The design of HIWRAP involved compromises in order to address the scientific requirements and hardware limitations imposed by the size, power, and weight constraints of the Global Hawk platform. A number of factors, such as the high altitude environment, limited space, weight and power posed challenges to the system design. The entire radar system must have the capability to operate in a “turnkey” autonomous operation mode. Table 2 provides performance specifications for HIWRAP, and Figure 3 shows the HIWRAP system block diagram (Ref. 5).
The radar intermediate frequency and local oscillator (IF/LO), RF transceivers and the digital receiver and processor subsystems are mounted on a rotating structure that typically spins at 15 rpm (Figure 9). These enclosures are not pressurized. Cooling of the power amplifiers is done by using heat pipes, heat sinks and fans. The data system, power distribution, navigation unit and the scanner controller are installed in the stationary payload areas on the aircraft. This configuration avoids the use of long waveguides and a multi-channel RF rotary joint, which is lossy and difficult to build and maintain at HIWRAP frequencies. Figure 11 shows the HIWRAP scanner assembly installed in Global Hawk payload Zone 25 (belly radome area).
The HIWRAP instrument consists of four subsystems
• Antenna subsystem
• Ku-/Ka-band transceivers
• Solid-state power amplifiers
• Digital receiver and processor subsystem.
Table 2: System specifications of HIWRAP
Figure 3: Block diagram of the HIWRAP system (image credit: NASA)
Antenna subsystem: HIWRAP utilizes a novel single aperture, dual wavelength antenna system that produces two beams, supports conical scanning and fits within the limited volume of the Global Hawk payload area. This antenna consists of a parabolic reflector and two dual-wavelength feeds – one aimed to produce a beam at 30º incidence and the other at 40º incidence. An azimuth table rotates the feeds and reflector as a single assembly to produce the conical scan. Each feed supports simultaneous operation at Ku- and Ka-band. The outer feed is tuned to the lower frequency Ku- and Ka-band channels and the inner feed to the higher frequency Ku- and Ka-band channels. The frequency separation between the two feeds permits HIWRAP’s receiver to separate the return signals from each beam and permit simultaneous transmission on one beam while receiving from the other.
Figure 4: Schematic view of the antenna design (image credit: NASA)
The Ka-band signal is carried on the dielectric rod. The supporting foam structure and the rod taper shape the Ka-band radiation pattern. The Ku-band radiation pattern is determined by the corrugated horn. The two feeds illuminate the main reflector to produce the two beams at 30º and 40º incidence with one-way 3 dB beam widths.
Figure 5: Photo of the HIWRAP (a) main reflector, (b) antenna assembly on the main frame, (c) one of the dual-frequency feed (image credit: NASA)
Transceiver: HIWRAP relies on a dual-wavelength transceiver that is modular in design. Due to the limited payload power, space and weight and the harsh environment of UAVs, a power efficient, compact dual-band transceiver compatible with high altitude operation has been designed for HIWRAP. This transceiver supports digital pulse compression through the use of inexpensive DSS (Direct Digital Synthesizer) chips to obtain 50% of the average power of the Ku- and Ka-band power amplifiers.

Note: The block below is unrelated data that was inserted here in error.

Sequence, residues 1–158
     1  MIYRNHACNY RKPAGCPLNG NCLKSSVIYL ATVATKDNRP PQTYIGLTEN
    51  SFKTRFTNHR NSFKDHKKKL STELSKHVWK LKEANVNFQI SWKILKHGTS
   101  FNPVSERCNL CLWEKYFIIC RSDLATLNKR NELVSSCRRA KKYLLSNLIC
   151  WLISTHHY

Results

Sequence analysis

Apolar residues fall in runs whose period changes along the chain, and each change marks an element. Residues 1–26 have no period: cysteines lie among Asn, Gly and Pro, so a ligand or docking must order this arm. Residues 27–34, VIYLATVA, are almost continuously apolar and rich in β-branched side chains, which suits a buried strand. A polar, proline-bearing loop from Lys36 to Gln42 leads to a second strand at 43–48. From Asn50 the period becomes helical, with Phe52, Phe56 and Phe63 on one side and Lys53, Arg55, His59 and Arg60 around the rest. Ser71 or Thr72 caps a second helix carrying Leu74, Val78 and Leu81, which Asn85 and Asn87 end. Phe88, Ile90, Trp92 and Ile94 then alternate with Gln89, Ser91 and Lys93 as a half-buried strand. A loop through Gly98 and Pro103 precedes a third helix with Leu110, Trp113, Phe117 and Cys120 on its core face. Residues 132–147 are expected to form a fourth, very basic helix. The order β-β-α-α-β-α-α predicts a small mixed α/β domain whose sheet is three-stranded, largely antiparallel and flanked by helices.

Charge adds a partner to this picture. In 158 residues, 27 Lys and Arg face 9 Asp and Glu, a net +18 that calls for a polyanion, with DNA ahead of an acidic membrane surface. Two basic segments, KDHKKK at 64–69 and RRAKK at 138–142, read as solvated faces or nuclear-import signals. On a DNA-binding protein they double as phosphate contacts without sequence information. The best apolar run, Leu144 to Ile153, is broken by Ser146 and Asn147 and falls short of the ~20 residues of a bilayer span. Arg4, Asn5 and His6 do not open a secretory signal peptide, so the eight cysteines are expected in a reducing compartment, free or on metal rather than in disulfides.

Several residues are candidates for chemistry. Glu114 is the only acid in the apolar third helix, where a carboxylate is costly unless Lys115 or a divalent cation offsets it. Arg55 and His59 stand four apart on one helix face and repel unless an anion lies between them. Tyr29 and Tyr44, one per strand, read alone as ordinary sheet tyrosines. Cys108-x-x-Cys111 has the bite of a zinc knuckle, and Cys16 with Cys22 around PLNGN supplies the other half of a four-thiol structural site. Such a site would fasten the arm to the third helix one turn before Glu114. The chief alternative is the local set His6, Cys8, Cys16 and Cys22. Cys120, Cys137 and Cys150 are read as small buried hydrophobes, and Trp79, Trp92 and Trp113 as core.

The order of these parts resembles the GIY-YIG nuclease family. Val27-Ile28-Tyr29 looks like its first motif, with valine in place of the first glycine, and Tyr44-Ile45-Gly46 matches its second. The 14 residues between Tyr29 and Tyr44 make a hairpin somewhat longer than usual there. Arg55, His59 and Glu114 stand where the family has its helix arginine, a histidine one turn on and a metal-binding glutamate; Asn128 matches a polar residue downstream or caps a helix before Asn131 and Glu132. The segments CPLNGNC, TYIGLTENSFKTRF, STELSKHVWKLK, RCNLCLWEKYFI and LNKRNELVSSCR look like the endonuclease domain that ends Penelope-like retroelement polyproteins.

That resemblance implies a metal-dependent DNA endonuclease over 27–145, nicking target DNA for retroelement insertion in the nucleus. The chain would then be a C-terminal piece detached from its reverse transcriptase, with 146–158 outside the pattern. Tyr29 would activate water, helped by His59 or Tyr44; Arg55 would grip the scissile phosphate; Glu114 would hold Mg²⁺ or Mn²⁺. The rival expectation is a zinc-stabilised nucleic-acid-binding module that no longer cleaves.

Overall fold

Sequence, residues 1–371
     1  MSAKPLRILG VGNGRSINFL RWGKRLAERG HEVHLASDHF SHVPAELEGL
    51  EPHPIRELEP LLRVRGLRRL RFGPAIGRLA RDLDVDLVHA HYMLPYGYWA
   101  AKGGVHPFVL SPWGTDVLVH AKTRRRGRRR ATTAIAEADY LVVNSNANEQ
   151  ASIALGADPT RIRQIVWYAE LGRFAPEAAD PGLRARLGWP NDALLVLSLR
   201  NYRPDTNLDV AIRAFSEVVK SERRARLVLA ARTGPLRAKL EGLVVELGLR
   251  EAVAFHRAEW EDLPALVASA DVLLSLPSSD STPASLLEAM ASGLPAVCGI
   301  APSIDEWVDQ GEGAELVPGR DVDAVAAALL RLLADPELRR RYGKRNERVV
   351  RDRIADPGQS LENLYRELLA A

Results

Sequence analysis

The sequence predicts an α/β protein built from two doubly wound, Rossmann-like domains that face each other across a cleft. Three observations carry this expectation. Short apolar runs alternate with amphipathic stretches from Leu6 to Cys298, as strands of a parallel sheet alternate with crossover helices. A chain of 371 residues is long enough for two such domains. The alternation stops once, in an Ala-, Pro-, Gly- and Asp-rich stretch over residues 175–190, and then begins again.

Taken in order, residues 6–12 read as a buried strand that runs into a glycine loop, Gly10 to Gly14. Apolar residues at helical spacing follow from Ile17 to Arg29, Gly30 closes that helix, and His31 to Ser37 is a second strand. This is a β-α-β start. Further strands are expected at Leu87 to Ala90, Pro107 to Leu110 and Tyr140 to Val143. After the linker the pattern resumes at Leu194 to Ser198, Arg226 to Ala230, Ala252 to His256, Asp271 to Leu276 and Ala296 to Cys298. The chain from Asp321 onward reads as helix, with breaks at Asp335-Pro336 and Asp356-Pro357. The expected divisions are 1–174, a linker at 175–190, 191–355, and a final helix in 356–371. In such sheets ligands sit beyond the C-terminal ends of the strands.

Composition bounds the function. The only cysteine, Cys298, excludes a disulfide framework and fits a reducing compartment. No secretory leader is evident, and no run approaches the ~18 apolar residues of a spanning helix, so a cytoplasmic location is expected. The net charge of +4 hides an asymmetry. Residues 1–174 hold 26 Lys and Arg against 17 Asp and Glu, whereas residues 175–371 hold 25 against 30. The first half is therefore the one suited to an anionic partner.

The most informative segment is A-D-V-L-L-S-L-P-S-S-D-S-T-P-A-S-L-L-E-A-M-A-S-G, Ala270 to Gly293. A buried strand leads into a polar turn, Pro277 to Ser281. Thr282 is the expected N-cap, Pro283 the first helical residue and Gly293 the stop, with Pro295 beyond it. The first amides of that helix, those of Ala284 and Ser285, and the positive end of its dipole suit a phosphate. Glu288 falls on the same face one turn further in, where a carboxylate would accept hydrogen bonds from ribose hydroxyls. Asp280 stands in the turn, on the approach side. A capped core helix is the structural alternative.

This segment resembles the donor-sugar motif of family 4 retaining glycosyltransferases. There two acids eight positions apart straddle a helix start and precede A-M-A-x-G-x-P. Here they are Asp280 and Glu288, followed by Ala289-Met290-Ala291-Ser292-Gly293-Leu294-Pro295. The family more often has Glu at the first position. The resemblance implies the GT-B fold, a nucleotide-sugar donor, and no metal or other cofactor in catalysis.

The design supports simultaneous operation at two wavelengths and multiple incidence angles in order to maintain high temporal and spatial resolution. Innovative approaches are being taken to enhance independent sample rates and utilize the full average power that the power amplifiers can deliver. This design takes advantage of mixing products in the RF up-conversion stage to produce the two RF channels at each band necessary to form the two beams. As such, this design only needs one LO (Local Oscillator) for each band, and thus saves on space, power consumption and weight.
The combination of DDS along with field programmable gate array (FPGA) technologies enabled the software controlled, versatile waveform generation needed to achieve, frequency modulation, frequency diversity and amplitude modulation, as well as synchronized radar timing control. An internal calibration loop provides an accurate measurement of the total transceiver gain to within 0.2 dB or better and samples the transmit waveform so that pre-distortion techniques can be used to improve pulse compression range sidelobe performance. Figure 6 shows a typical HIWRAP transmit and receive waveform cycle. Figure 7 shows the Ka- and Ku-band transceivers, and the IF and local oscillator subsystems.
Figure 6: HIWRAP transmit and receive waveform (image credit: NASA)
Figure 7: Photo of: (a) Ka-band transceiver, (b) Ku-band transceiver, (c) IF and local oscillator subsystem (image credit: NASA)
Power amplifiers: HIWRAP utilizes commercial power amplifiers that deliver 30 W at Ku-band and 4 W at Ka-band through power combining. The DDS in the first stage will not only produce the linear FM chirp transmit waveform, but will also hop the center frequency to improve the independent sample rate. An internal calibration loop also provides an accurate measurement of the total transceiver gain to within 0.2 dB or better and samples of the transmit waveform so that pre-distortion techniques can be used to improve range sidelobe performance.
By power combining four of these modules, HIWRAP system is able to realize average transmit power capability of 30 W and 10 W at Ku and Ka-band, respectively. The Ku-band amplifier has a mass of 1.1 kg with a volume of < 780 cm3.
Figure 8: Photo of the Ku-band solid-state power amplifier (image credit: NASA)>
Digital receiver and signal processor subsystem: This subsystem is responsible for implementing digital I&Q detection, match filtering (i.e. pulse compression), spectral and/or pulse-pair processing and data reduction through coherent and/or non-coherent averaging. The subsystem is using FPGAs (Field Programmable Gate Arrays) and low power consumption processors. This will provide the most compact solution and not require pressurization. To reduce risk, the system is network based so that the data can be easily ingested by a PC-based system where further processing algorithms may be applied.
As the algorithms are tested and validated, they can be transferred to the FPGA-based processors with minimum impact. To reduce risks, the critical FPGA-based algorithms are being tested within a development platform from which the final stand alone printed circuit boards will be designed and fabricated. The migration to radiation-hardened FPGA technology is also being studied.